A Conversation with Roger King and Wilhelmina Jenkins

On May 9, 2012, we hosted a special webinar, “A Conversation with Roger King and Wilhelmina Jenkins.” It was well-attended and received high marks from participants. The recording is now available at: http://bit.ly/may9-webinar-rec.

Novelist and filmmaker Roger King has written a new autobiographical novel, Love and Fatigue in America, about his journey in the U.S. following his diagnosis with CFS:

“When invited to teach at a university in Spokane, Washington, the unnamed British narrator of King’s extraordinary autobiographical novel heads eagerly toward the promise of the American West. However, after collapsing in the gym and being diagnosed with chronic fatigue syndrome–comprising ‘a rag-tag gang of misfit symptoms’ – he and his loyal dog Arthur find themselves untethered, drifting across the country searching for somewhere to settle. His travels take him from doctor to ineffective doctor, from hospitable hosts to anonymous motels, and from bed to couch and back again as he struggles to find, at 40, who he is and what he’s become. Although his romantic relationships fail, he does enjoy moments of startling tenderness: the undemanding love of Mary and her young daughter Zoe, who linger long in his heart; the flickering kindness of waitresses; and the unexpected intimacy granted him at a lingerie shop. What finally offers solace and meaning here is not to be found in biology or fate–although the narrator often feels crushed beneath both–but compassion. Throughout his domestic happiness in New Mexico, the dizzying energy of youth and sex in San Francisco, and the peace of a cabin in small town Massachusetts, the narrator’s exhaustion never infects the writing. The narrative expertly cobbles together unexpected moments of poetry; meditations on illness, war, and ambition; and vignettes, which–like the narrator himself–alternately admit devastating failures and sing with triumph.”


In 1983, Wilhelmina Jenkins was a mother of two and a graduate student at Howard University working on her doctorate in physics when she began to “feel suddenly very unwell.” She was diagnosed with CFS and seven years later, her daughter, Kamilah, became ill too. Wilhelmina and Kamilah have been staunch advocates for better research and expanded awareness. They appeared together on “Oprah” in 1998 and participated in many of the Association’s lobby days. Wilhelimina served on the Association’s Board of Directors from 1996-2000. Her portrait was one of the “Faces of CFS” that traveled as a photo exhibit from 2006 to 2009 to 45 venues, reaching more than 7,000,000 people in places such as the Mall of America, Union Station (Washington, D.C.) and Grand Central Station. She has delivered powerful testimony at Congressional briefings and public policy meetings, shared her experiences in dozens of interviews for radio, television and print media, and has befriended many fellow people living with CFS in support groups and on line.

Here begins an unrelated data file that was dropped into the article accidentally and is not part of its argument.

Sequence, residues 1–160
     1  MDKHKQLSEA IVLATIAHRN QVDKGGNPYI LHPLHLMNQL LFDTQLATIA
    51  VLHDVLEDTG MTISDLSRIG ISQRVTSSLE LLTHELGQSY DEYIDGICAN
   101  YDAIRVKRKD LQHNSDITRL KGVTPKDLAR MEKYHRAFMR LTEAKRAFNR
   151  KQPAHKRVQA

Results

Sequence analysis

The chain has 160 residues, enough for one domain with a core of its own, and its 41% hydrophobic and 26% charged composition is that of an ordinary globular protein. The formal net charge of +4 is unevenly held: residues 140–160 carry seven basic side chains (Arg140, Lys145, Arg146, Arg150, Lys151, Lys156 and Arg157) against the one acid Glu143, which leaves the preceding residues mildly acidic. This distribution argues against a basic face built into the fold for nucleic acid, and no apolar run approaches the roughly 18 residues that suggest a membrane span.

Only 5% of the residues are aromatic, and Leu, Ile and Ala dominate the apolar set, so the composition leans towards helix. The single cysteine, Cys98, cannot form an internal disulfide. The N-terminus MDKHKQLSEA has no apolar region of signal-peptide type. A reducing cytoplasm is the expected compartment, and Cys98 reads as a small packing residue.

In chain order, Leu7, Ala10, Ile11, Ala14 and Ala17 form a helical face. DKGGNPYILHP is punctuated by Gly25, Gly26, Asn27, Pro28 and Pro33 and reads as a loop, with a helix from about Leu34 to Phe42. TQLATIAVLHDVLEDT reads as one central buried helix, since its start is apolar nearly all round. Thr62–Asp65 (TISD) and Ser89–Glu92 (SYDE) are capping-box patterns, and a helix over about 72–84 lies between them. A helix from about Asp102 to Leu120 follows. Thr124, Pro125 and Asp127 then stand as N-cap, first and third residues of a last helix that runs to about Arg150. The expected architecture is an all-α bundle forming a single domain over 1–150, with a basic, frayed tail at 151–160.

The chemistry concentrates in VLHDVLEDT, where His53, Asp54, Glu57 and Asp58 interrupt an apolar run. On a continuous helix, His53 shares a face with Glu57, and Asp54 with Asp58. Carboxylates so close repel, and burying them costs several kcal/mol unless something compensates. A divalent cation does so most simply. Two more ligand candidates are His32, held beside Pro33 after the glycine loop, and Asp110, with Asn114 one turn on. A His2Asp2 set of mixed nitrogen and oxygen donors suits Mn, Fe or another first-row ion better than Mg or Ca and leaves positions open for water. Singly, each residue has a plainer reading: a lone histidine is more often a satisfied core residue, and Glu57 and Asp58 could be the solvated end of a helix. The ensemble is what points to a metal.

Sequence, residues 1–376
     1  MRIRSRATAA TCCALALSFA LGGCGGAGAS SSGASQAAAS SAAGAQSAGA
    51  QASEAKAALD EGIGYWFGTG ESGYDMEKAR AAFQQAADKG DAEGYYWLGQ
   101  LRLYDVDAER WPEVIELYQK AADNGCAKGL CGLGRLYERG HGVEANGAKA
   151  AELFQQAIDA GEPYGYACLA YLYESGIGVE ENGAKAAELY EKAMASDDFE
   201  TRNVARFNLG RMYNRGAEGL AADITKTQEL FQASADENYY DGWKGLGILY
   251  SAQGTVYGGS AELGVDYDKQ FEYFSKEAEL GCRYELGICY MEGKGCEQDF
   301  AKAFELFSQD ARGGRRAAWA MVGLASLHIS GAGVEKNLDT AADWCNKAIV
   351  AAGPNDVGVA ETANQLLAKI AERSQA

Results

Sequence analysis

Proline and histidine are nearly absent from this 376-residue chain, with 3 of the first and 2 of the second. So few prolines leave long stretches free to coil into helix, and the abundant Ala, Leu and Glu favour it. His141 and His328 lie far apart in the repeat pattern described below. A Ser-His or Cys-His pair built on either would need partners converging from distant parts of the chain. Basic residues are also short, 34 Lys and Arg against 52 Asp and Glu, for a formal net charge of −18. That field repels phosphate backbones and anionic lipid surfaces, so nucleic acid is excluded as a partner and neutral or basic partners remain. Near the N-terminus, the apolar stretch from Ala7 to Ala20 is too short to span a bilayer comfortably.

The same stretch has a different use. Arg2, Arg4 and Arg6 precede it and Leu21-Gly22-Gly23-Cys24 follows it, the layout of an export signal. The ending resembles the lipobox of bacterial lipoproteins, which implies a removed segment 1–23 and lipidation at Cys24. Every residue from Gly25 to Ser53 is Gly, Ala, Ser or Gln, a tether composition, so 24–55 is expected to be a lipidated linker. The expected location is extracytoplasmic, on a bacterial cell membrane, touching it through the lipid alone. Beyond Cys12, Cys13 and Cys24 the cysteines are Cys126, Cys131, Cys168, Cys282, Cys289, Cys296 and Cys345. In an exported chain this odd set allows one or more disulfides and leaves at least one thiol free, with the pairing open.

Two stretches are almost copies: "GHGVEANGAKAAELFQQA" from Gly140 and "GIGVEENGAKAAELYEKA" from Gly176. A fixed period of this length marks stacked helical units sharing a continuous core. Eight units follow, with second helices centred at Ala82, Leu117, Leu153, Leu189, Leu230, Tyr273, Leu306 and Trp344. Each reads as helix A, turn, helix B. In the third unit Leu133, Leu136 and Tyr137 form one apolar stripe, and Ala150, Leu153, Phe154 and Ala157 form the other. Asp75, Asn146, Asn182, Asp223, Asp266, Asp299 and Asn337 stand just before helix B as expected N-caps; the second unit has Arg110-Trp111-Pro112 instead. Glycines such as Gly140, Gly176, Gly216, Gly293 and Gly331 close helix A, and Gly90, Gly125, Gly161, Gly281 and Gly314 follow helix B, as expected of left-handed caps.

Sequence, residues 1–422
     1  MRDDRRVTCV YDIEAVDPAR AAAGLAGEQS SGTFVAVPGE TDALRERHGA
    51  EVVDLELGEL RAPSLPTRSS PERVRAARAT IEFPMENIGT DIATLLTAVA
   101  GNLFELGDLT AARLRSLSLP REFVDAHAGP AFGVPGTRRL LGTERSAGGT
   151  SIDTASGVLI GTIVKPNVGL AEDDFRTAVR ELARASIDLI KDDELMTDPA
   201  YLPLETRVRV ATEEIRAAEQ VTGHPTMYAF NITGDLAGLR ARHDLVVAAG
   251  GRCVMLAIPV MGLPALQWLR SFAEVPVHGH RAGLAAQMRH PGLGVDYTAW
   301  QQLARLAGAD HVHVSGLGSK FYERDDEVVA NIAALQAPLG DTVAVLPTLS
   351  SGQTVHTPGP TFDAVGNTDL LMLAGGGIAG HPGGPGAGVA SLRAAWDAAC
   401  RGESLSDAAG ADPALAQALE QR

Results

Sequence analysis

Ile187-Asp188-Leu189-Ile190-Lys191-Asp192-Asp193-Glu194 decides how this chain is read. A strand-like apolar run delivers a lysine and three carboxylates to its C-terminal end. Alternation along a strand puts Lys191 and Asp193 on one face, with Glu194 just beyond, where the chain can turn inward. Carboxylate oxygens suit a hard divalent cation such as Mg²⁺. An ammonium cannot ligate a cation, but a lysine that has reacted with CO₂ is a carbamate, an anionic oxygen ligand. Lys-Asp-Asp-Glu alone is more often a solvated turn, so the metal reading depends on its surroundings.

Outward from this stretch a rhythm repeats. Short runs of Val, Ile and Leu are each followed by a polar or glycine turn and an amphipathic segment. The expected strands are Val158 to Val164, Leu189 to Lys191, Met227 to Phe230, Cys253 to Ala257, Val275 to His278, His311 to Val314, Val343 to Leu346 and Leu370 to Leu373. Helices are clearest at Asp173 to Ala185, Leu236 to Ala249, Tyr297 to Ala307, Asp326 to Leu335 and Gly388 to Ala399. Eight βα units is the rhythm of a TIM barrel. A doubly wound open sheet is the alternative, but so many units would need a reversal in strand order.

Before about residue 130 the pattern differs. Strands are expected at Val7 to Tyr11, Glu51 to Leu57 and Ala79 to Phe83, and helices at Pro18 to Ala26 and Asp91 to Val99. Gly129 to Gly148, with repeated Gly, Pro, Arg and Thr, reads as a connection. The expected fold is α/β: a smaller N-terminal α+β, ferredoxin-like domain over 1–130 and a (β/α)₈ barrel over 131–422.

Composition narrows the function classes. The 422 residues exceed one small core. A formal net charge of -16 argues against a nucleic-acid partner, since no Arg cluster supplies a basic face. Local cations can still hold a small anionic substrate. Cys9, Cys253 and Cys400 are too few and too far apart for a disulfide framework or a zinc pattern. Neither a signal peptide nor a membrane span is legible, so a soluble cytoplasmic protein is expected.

For several years after CFS hit Wilhelmina wasn’t able to read as much as a comic strip and her own lab notebooks were unintelligible to her. In more recent years, she has found a way to read again and enjoys many types of literature, including Roger’s book, Love and Fatigue in America. They’ll talk together about the universal experiences the book describes and how CFS alters one’s life in big and small ways.

Roger grew up in London and worked extensively in Africa and Asia. He was diagnosed with ME/CFS in 1991. He is the author of five novels, four written prior to Love and Fatigue in America: Horizontal Hotel, Written On A Stranger’s Map, Sea Level and A Girl From Zanzibar. He was the originator, executive producer and technical advisor for the 2004 prizewinning documentary, Still, the Children are Here, set in the remote village of Sadholpara in Northeastern India.

The preoccupations that run through Roger’s novels, film and consultancy work, are the ways that the experiences of ordinary people across the world, richer and poorer, are interwoven. Much of his early work was spent sitting in poor villages in Africa and Asia, talking to men and women in order to assemble an overall picture of how things changed – technology, institutions, beliefs, economics, the sense of self. Later his interests widened from rural societies to include human migration (the background to A Girl From Zanzibar), political change, conflict and the broader tides of history. His wish has been to try to understand the big picture, while his imagination in fiction keeps his attention on the individual human soul.

Most recently these strands have come together in researching and imagining future scenarios and in King’s screen adaptation of A Girl From Zanzibar. The novel has been adapted for film by the author and has been in and out of development for the past five years. King’s script of Written on a Stranger’s Map won the BBC/Writer’s Guild award for best first screenplay.

Wilhelmina lives in Atlanta; Roger lives in Massachusetts. They have never met, but as we discovered during this webinar, their lives share many common experiences. Listen to the recording: http://bit.ly/may9-webinar-rec

Additional Resources:

May 13, 2012